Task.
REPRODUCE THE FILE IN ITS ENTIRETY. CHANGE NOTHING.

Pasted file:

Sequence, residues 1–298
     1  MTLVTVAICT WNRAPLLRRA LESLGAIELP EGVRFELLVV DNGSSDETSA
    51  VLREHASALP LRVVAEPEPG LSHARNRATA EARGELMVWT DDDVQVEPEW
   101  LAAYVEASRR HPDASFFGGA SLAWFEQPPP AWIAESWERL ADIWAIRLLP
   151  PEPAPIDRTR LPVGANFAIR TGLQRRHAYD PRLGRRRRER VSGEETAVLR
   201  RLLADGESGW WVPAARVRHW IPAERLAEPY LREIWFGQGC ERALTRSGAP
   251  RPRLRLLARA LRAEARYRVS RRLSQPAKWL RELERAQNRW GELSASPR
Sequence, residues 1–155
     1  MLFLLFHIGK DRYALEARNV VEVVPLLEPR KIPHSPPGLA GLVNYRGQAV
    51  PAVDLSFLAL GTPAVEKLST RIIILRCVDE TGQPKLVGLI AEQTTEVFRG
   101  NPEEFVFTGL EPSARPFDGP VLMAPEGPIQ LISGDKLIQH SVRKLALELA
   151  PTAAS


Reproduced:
Sequence, residues 1–298
     1  MTLVTVAICT WNRAPLLRRA LESLGAIELP EGVRFELLVV DNGSSDETSA
    51  VLREHASALP LRVVAEPEPG LSHARNRATA EARGELMVWT DDDVQVEPEW
   101  LAAYVEASRR HPDASFFGGA SLAWFEQPPP AWIAESWERL ADIWAIRLLP
   151  PEPAPIDRTR LPVGANFAIR TGLQRRHAYD PRLGRRRRER VSGEETAVLR
   201  RLLADGESGW WVPAARVRHW IPAERLAEPY LREIWFGQGC ERALTRSGAP
   251  RPRLRLLARA LRAEARYRVS RRLSQPAKWL RELERAQNRW GELSASPR
Sequence, residues 1–155
     1  MLFLLFHIGK DRYALEARNV VEVVPLLEPR KIPHSPPGLA GLVNYRGQAV
    51  PAVDLSFLAL GTPAVEKLST RIIILRCVDE TGQPKLVGLI AEQTTEVFRG
   101  NPEEFVFTGL EPSARPFDGP VLMAPEGPIQ LISGDKLIQH SVRKLALELA
   151  PTAAS